And indeed, the HSUS delivers overwhelming evidence that salmonella infection rates are significantly higher in caged systems than in non-cage systems. Even in normal years without a spectacular recall like the current one, some 140,000 Americans fall ill with salmonella from infected eggs. This system, predicated on high volume and low operating costs, is what’s responsible for pathogen-friendly conditions within egg factories — not just a few rotten eggs like DeCoster.

As the current salmonella scare plays out, you can bet techno-fixes to the problem will be proposed: stuff like vaccinations and increased use of anti-microbials. But in the end, the effectiveness of those measures will be outweighed by the economic imperative to stuff as many birds together as possible to keep production costs at rock bottom, and the biological reality that pathogens tend to mutate faster than technological responses to them can keep pace.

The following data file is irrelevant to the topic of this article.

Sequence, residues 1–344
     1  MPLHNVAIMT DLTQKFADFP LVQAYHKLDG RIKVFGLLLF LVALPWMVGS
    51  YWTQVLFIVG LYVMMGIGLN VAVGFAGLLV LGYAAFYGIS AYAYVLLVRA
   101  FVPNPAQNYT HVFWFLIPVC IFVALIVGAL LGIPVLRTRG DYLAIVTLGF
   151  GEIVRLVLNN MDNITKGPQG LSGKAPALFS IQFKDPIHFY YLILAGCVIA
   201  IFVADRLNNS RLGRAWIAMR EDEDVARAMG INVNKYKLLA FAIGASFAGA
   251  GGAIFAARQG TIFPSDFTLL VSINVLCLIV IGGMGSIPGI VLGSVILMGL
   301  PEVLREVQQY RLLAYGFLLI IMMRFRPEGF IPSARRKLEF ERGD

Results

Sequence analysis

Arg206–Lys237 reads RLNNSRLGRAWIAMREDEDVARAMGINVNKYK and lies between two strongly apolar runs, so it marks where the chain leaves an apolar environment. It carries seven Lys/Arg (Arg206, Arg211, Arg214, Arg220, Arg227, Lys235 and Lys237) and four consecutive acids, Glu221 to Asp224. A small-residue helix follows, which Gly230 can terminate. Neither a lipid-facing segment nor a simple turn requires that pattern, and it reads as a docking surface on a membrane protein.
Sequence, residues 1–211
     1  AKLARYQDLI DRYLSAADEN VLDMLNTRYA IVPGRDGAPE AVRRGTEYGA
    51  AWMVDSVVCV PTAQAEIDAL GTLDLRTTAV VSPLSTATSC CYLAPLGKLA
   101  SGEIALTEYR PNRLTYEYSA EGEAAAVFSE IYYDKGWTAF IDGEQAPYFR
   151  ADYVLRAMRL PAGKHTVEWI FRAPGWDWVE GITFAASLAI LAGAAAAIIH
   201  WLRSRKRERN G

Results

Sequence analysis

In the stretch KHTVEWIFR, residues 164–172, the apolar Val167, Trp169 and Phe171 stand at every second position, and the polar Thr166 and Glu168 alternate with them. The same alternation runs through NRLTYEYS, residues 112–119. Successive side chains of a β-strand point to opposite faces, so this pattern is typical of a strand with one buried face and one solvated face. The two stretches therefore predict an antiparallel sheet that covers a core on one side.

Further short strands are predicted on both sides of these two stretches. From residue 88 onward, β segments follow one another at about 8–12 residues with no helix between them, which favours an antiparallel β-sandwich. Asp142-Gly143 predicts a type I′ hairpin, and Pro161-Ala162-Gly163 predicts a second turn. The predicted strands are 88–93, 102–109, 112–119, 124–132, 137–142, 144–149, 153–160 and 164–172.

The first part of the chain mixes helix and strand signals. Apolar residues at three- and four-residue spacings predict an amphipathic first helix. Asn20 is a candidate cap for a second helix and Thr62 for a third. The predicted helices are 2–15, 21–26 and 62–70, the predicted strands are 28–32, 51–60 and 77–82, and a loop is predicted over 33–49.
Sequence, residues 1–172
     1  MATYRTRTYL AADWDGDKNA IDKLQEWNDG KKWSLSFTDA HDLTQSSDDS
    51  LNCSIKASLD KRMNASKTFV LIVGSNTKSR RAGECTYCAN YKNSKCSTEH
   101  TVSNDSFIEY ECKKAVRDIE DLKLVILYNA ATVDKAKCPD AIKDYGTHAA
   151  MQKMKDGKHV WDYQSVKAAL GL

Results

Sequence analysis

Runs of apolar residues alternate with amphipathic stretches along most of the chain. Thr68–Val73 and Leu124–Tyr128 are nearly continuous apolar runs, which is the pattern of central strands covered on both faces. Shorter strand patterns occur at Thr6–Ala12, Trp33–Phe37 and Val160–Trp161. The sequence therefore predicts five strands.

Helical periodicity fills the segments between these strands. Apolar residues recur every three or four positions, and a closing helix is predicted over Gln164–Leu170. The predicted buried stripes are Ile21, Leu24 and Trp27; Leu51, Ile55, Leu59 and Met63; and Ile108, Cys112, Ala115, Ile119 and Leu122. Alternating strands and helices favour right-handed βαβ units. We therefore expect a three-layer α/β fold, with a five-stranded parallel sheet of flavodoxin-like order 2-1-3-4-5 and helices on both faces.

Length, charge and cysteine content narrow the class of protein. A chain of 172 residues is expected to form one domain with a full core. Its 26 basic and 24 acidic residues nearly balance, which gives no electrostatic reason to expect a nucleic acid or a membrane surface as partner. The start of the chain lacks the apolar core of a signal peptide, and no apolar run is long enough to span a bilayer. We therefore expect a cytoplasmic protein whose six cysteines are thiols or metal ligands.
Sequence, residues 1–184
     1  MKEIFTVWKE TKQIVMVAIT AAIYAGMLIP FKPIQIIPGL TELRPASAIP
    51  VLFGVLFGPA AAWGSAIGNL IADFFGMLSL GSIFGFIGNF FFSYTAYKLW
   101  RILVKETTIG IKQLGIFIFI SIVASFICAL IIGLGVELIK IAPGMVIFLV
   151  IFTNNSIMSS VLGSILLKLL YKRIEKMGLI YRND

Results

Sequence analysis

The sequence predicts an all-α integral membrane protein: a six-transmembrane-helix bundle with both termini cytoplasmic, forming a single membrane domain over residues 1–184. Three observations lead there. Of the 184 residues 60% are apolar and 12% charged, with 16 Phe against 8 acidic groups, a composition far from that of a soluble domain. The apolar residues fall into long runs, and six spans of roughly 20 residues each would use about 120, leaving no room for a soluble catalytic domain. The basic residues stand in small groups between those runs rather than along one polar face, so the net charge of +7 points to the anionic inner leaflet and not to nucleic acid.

The real solution to chronic food-system problems like salmonella-riddled eggs is to reform the economic structures that cause them. The U.S. Justice Department and the USDA have been holding public hearings on con
solidation in the food system — the effects on farmers when fewer and fewer companies process ever-greater shares of the food that ends up on people’s plates. Those talks should be broadened to include consolidation’s effect on food safety.

And, as the United Food and Commercial Workers Union argues in an incisive recent report, Walmart should also be on the discussion table for its role in driving food-system consolidation.